Some home owners sell their flats without agents

One in 10 conducted resale transactions of Housing and Development Board (HDB) flats the do-it-yourself (DIY) way last year.

The HDB provides a DIY checklist to help shorten the process.

This is one area the National Development Ministry is looking into, following public feedback on ways to meet diverse demands and raise the standard and professionalism of the real estate industry.

National Development Minister Khaw Boon Wan said he does not think it is appropriate to prohibit agents from handling HDB resale transactions.

Neither is it necessary to mandate that all resale HDB transactions be made via agents.

He stressed that the HDB does not mandate owners to go through an agent to close a deal.

Should owners decide to engage a salesperson to help them, the amount of commission can be determined between the owner and the salesperson.

However, Council for Estate Agencies (CEA) does encourage the use of the Estate Agency Agreement form to put on record the amount of commission agreed by both parties from the start to avoid future disputes.

Where there is a dispute arising from the Estate Agency Agreement, parties can make use of the dispute resolution schemes of the CEA.

Mr Khaw said some people have suggested shortening the time frame for dispute resolution.

He said CEA will look into this.

Mr Khaw shared his thoughts on the issue, along with what he thinks of the feedback and suggestions from the public, in his blog on Monday.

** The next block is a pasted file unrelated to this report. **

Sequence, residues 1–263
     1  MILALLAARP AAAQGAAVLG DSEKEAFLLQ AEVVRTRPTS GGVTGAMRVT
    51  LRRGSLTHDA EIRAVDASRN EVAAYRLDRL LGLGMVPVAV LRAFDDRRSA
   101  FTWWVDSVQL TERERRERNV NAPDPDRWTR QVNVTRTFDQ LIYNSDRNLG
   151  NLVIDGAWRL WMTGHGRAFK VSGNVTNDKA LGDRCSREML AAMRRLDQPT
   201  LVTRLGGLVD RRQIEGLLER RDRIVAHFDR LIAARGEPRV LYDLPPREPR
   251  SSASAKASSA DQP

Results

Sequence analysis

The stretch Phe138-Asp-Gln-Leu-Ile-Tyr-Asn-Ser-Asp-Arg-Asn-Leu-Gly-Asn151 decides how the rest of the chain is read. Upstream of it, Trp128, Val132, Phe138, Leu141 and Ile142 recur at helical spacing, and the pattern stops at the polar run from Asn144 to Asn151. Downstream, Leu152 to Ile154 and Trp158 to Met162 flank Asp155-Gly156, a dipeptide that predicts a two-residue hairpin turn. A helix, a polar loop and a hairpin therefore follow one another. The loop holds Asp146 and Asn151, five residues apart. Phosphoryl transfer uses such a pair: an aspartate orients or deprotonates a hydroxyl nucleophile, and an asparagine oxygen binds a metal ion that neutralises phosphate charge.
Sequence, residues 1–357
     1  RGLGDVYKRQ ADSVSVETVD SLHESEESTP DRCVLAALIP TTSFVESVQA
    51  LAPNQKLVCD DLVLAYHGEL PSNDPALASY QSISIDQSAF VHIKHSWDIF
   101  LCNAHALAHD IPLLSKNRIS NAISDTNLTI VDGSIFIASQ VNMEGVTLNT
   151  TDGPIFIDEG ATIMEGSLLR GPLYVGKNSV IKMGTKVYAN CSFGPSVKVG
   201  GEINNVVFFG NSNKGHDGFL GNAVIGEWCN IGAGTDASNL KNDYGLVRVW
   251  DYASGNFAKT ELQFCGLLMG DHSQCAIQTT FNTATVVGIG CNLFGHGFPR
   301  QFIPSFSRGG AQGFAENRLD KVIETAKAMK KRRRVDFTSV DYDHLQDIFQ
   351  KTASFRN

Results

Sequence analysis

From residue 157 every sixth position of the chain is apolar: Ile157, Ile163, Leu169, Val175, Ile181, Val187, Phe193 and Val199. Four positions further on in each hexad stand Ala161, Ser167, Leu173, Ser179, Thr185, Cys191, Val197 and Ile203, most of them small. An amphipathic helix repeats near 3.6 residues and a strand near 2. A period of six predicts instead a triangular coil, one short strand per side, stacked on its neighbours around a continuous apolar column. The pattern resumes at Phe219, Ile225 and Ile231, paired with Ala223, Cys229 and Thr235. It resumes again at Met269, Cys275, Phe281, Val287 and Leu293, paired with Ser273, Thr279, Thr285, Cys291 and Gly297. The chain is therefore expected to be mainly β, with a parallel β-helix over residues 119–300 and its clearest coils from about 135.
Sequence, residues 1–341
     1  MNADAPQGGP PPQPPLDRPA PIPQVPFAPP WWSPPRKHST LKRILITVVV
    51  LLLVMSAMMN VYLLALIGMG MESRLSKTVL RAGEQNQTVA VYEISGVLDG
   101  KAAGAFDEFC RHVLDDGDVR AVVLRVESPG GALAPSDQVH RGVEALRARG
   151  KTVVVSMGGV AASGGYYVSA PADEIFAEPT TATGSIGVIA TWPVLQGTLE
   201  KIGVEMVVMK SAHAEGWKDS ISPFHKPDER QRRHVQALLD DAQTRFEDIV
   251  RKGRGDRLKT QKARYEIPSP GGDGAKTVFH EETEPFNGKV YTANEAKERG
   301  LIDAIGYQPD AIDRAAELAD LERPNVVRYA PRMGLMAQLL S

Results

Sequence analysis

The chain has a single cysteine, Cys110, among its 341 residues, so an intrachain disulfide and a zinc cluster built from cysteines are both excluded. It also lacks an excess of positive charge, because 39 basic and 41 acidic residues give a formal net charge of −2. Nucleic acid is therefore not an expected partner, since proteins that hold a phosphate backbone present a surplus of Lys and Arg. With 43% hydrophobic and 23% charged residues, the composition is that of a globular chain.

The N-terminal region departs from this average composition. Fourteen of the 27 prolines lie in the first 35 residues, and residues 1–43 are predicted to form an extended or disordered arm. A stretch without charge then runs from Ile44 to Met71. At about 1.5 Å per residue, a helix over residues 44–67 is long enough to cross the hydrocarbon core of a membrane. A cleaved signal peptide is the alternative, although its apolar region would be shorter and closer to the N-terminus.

He pointed out that there are differing views and diverse demands.

He said some wanted to prohibit real estate agents from handling HDB resale transactions while others demanded a stop to DIY resale transactions.

Some called for greater protection of consumers from estate agents while others appealed for protection of estate agents from consumers who do not discharge their commitments.

Mr Khaw said there were many common calls, such as improving the mechanism to resolve dispute and Continuing Professional Development courses, raising the minimum education qualification of salespersons, as well as enhancing public education for consumers.

He said his bias will be towards the consumers, but pledged to do so in a fair manner.

Meanwhile, CEA will introduce more courses for its 30,000 registered salespersons to meet their diverse learning needs and the dynamic nature of the market.

Mr Khaw said at one-year-old, the Council is still growing in capability and capacity.

He said there is more work ahead, and if done well, CEA can make a positive difference.

“We are united on one common aim, and that is to continue to raise the professionalism of the industry. That will be win-win all round,” he said.

Source : Channel NewsAsia – 13 Feb 2012

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